Earlier this month, my writer friend and middle-grade author Edith Cohn celebrated the debut of her novel SPIRIT'S KEY. A few weeks before, she shared a video of the moment when she held her book in her hands for the very first time.
As an aspiring author, I found the video to be incredibly inspiring. All writers dream of that moment when their first book is published. The road to publication can be long and tough - and it is for most of us! - so when I see a fellow writer reach that dream, it gives me hope that I'll eventually get there, too. It also motivates me to work harder to make it happen.
Since many of you are in the midst of the Fall Writing Bootcamp, I'm sharing Edith's video in the hopes that it gives YOU that extra boost to keep going, even when it gets hard. As Edith explains in the video, she didn't reach her dream overnight. This can and WILL be you someday if you never give up!
[Edith was also generous enough to offer up a signed copy of SPIRIT'S KEY for a YAB reader. Details are at the bottom of this post!]
Take it away, Edith!
So inspiring, right?!
Here's some more info about SPIRIT'S KEY in Edith's own words:
Spirit’s Key is a mystery about a twelve-year-old psychic girl named Spirit who works with the ghost of her pet dog to solve a crime on a remote island filled with magic keys, wild dogs and superstitious characters.
The book had several inspirations. The first was a dog named Marisol who went missing. Marisol belonged to my dear friend, and I helped her search the city for her lost pet. I saw Marisol everywhere, even though it was never really her. It was kind of like seeing her ghost, which led me to the idea of a ghost dog. I have a dog myself, and I like imagining that while my fur baby won't live forever, maybe her spirit will come back to play with me!
The setting of SPIRIT’S KEY, the fictional Bald Island, is deeply inspired by the Outer Banks of North Carolina. I grew up going to the Banks. But I also read a lot of history about their hurricanes, their whaling, and their one room schoolhouse. I even read about an islander who was a hermit and wore furs, which inspired Spirit’s eccentric neighbor Mrs. Borse. And it seems so unreal, but in SPIRIT’S KEY, the islanders’ belief that yaupon tea can cure anger actually comes from something real.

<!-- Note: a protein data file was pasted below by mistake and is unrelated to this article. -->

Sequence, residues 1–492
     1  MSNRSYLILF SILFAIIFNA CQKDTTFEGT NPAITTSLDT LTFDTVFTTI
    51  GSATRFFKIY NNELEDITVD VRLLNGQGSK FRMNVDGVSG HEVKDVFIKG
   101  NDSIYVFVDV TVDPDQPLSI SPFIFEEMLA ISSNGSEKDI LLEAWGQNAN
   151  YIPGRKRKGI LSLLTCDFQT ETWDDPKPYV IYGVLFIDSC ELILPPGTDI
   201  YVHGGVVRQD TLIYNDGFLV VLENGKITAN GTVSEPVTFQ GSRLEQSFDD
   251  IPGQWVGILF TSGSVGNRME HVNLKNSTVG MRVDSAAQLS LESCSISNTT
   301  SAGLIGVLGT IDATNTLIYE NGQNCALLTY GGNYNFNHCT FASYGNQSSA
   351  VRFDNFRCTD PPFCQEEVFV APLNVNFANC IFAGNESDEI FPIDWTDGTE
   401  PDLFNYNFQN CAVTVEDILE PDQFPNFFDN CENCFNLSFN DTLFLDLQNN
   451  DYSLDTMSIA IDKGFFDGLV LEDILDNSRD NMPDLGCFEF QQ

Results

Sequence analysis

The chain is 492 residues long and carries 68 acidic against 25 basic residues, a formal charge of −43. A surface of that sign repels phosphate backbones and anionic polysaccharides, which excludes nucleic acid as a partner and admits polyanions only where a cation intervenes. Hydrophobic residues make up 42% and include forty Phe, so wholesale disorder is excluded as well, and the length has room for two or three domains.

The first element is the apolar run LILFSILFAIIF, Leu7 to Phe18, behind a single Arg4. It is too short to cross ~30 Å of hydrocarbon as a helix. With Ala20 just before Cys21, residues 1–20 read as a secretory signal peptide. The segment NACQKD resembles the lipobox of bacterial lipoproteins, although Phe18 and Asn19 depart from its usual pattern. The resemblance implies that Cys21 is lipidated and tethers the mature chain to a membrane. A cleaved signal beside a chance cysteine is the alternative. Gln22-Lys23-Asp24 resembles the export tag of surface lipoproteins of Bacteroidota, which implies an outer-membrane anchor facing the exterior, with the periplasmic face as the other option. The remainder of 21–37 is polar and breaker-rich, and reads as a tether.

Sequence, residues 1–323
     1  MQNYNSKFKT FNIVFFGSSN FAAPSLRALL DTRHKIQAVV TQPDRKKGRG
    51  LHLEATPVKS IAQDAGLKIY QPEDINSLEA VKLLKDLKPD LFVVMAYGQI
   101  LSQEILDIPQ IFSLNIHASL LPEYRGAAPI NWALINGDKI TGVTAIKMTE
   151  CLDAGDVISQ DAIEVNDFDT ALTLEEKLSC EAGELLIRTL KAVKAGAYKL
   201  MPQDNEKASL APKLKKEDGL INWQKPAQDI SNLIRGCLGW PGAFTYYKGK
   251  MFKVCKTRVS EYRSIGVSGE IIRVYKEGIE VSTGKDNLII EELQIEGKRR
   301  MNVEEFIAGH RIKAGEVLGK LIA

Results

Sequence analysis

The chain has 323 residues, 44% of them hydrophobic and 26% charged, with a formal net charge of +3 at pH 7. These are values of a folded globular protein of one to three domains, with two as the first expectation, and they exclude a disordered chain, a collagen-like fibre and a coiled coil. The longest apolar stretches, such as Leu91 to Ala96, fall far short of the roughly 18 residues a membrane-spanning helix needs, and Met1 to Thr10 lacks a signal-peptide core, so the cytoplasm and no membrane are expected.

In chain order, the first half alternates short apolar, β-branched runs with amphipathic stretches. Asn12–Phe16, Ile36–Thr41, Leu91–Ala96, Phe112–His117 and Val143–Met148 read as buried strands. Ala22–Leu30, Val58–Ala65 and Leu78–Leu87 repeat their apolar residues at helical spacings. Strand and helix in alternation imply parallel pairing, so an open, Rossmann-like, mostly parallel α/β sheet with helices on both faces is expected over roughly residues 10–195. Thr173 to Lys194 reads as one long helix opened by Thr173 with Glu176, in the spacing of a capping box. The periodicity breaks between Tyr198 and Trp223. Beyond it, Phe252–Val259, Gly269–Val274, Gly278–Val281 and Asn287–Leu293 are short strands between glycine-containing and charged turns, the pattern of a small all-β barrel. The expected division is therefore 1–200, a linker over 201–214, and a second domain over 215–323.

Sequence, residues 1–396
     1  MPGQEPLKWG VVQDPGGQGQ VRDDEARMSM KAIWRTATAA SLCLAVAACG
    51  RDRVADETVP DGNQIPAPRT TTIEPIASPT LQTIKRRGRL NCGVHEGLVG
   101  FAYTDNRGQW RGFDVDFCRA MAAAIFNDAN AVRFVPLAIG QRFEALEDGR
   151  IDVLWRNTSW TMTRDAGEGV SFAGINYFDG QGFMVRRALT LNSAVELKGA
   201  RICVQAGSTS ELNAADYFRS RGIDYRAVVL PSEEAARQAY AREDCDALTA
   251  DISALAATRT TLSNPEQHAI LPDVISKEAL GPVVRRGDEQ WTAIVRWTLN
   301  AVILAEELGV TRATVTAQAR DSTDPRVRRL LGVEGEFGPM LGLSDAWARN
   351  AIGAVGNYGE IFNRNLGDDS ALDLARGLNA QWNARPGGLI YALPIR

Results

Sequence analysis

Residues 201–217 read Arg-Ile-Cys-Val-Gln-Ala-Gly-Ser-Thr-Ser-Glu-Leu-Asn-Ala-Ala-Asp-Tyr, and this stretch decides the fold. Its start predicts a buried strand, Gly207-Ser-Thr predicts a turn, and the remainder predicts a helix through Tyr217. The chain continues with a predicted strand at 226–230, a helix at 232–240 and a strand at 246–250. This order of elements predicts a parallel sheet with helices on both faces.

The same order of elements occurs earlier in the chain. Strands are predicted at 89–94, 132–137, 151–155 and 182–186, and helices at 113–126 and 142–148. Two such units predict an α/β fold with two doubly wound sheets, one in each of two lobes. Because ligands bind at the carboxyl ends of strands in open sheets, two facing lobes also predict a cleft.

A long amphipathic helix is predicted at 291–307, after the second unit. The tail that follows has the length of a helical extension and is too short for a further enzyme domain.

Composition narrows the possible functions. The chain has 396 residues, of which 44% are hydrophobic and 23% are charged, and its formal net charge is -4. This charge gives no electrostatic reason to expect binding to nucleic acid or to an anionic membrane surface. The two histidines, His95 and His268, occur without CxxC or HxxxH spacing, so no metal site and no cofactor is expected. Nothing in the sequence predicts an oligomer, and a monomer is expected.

Of course, I took fictional liberties. I decided my island would have wild dogs instead of wild horses like the real Outer Banks. I live in the hills of California, and I have coyotes in my backyard. They want to eat my little dog Leia. Every spotting takes my breath away–reminds me of our mortality, the wonder of nature and what it means to be a wild thing.
My niece at the time was becoming a vegetarian. And I also got to thinking about how kids are still figuring out what they believe. One of my favorite things about SPIRIT’S KEY is this discussion about animal rights and beliefs.
The idea of magic keys that can tell the future is one of the only things that didn’t come from something I read. Spirit and her father have a gift. If they hold someone’s house key, they can see that person’s future. That fantastical idea came straight from the wilds of my imagination.
Thank you, Edith, for sharing this special moment and inspiration with all of us. Congratulations on your debut!
If you'd like to win a signed copy of SPIRIT'S KEY, use the Rafflecopter form below to enter. Good luck!